Some music is meant for a drive up the coast. Some music is best served for escape and release. There's music that's introspective and music that's merely background noise. Every once in a while though, when the moon, the stars and guitar gods align, there's music that becomes the soundtrack of your life! For those of us lucky enough to have been born in the early 70's, who came of age in the late 80's/early 90's, we have such a soundtrack. We have Pearl Jam's Ten!
I know what you're thinking and don't worry, I'm not really going to lump everyone born between 1970 and 1975 into the same category. Some of you have another band and another album in mind. Some of you probably don't even like music enough to even consider a soundtrack to your life. There's also plenty of you reading this that may have been born much earlier or later than the early 70's who still feel like Ten belongs to you as well. All I'm saying is that for those of us who were 18-21 years old in 1991, we experienced the greatest music scene since the 60's at an age where music was everything to us. The timing was simply perfect.
I decided to write this story now as we're fast approaching the 24th anniversary of Ten on August 27, 2015 and aside from making me feel old, it makes me feel nostaligic and satisfied. If I look back at the previous 24 years and all the music I've been lucky enough to hear, see and write about, I can't help but to feel that I owe at least a small debt of gratitude to the guys in Pearl Jam. Sure, I was a huge music fan before PJ broke onto the scene, but they, along with their Seattle contemporaries, changed the game for good. I still love Black Sabbath, Led Zeppelin, Iron Maiden, The Beatles, etc., but the cards got shuffled and we were playing a different game. Like it or not, the early 90's Seattle music scene did for my generation what the British Invasion of the 1960's did for that generation, and because of it, we're all better off.
If you don't believe the musical landscape was forever changed after 1991, look no futher than the Billboard charts in the late 80's and then again in the early 90's to see the tectonic shift that took place. At the top of the Billboard Mainstream Rock Chart in 1989 you had U2, Crosby, Stills, Nash, Eddie Money, The Fixx and so on. By 1994, the same chart boasted Pearl Jam, Alice in Chains, Soundgarden and Stone Temple Pilots. The tide had clearly turned and Pearl Jam and their contemporaries were here to stay.
Looking back at just how much change took place and how many lives (artists and fans alike) were changed forever, I'd like to give Ten a song by song review, 24 years in the making!
Master/Slave Part I - Although not an official track, this musical interlude which opens the record is a haunting, unscripted piece that will show up once again in a longer version at the close of the album in a hidden track.
Once - A frenzied, energetic song written by guitarist Stone Gossard with lyrics penned by Eddie Vedder, Once is a monumental introduction to this record and to the band overall. Vedder was an unknown to the music world and Gossard along with bassist Jeff Ament had some success with previous bands Green River and Mother Love Bone but hadn't put their stamp on the scene just yet. This song puts Pearl Jam's intensity, drive and angst out front with loud guitars, big drums and a breakdown type of groove that they'd revisit several times throughout their career.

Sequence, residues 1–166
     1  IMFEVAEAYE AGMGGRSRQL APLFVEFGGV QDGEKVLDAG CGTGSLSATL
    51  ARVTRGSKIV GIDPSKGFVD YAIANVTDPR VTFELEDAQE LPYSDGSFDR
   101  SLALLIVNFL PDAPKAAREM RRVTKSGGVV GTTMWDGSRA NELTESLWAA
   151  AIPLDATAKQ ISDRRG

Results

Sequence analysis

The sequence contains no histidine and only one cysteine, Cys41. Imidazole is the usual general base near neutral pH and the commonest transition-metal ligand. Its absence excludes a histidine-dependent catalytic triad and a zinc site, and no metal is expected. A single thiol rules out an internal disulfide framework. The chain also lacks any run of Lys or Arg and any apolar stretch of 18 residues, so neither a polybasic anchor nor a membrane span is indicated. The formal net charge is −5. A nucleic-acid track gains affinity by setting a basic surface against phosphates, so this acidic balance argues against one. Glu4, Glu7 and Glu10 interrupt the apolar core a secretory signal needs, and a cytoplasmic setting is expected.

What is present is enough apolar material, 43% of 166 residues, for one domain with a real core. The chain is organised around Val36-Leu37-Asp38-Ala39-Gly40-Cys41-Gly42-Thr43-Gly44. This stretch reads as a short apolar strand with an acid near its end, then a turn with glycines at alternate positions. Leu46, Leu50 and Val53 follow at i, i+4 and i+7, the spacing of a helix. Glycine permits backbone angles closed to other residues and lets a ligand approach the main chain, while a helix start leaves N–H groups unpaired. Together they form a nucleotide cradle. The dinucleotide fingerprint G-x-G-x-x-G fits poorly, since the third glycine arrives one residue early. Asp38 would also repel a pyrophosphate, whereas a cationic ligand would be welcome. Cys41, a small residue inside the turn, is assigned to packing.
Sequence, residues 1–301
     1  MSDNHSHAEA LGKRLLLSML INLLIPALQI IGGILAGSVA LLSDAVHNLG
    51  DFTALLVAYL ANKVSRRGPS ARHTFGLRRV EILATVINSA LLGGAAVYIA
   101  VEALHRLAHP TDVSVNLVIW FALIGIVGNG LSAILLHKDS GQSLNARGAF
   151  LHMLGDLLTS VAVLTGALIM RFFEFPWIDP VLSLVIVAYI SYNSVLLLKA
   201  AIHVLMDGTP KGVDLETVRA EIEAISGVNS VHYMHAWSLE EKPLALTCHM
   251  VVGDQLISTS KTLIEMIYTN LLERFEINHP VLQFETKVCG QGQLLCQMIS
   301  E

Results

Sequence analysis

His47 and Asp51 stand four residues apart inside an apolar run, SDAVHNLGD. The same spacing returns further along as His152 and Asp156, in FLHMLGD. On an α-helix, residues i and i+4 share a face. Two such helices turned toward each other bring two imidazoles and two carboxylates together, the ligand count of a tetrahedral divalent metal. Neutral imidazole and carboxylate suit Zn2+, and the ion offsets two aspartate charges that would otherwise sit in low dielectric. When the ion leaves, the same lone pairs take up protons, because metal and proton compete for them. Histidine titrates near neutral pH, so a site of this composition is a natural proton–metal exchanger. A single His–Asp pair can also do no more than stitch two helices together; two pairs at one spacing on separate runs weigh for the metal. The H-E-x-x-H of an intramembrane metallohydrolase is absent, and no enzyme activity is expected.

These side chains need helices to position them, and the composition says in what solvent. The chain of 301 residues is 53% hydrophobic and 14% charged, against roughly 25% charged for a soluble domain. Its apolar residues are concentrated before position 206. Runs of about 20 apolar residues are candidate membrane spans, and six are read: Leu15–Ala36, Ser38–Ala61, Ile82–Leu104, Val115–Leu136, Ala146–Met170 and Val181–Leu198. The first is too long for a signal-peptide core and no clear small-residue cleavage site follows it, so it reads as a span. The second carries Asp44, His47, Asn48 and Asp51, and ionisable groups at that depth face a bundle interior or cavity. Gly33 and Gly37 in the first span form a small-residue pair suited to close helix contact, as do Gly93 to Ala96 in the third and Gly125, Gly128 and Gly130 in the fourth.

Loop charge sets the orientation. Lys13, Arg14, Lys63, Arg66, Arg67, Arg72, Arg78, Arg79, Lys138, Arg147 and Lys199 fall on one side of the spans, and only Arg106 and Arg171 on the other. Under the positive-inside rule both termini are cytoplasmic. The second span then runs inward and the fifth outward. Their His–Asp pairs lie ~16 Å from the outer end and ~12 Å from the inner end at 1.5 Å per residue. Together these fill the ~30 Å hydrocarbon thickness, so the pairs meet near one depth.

Even Flow - One of the bands most popular songs and a staple at live shows (typically including a 5 minute guitar solo by Mike McCready), Even Flow is an amped up blues song with a sing song/somewhat rap like vocal delivery throughout the verses. Sonically it has an undeniable groove which is slighty dark in tone and matched by it's blunt lyric about the life of a homeless man. Even Flow put Pearl Jam's potential on display and became one of their biggest hits to date. It's a strong song but not as good as its popularity might suggest.
Alive - If I can be corny for just a minute, Alive is Pearl Jam's "Stairway to Heaven." Although other songs have reached higher chart positions, Alive is and will always be their most prodigious work. This song has everything and more. The opening riff is intoxicating and grabs you the instant it touches your ears. The vocal is somber, edgy and desperate. The lyrics are a punch to the gut as Eddie Vedder tells a real life tale of death, deception, regret, guilt and possible incest and somehow gets you to sing a long throughout instead of contemplating the issues. The chorus is gigantic and arena rock ready. The guitar solo by Mike McCready is not only epic, it's historic as it's listed in just about every "Top Guitar Solos of All Time" list ever created. McCready isn't shy about his influences either as you can clearly hear Jimi Hendrix, Ace Frehley and Robby Krieger. This song has evolved from a song about death into a song about hope and endurance at Pearl Jam's live shows. The crowd has added a chant at the end of the song, 'Hey, Ho" to which Vedder and company willingly go along with during the massive sing along. Vedder has also been known to chage the lyrics a bit saying "We're all still alive" as proof of its positive evolution.
Why Go - Written by bassit Jeff Ament (lyrics by Vedder) this songs jumps on you from the get go with drums and bass big enough to fill any room. Not unlike Even Flow, this track screams of an amplified blues rocker which is quite unrelenting. Lyrically it's the story of a young girl admitted into a mental institution, against her will, by her parents. It also hints at corruption within the medical insurance industry and ultimately makes the statement that sometimes you're much better off on your own. The song captures a groove that seems to pop up throught the entire album, both in sound and lyric.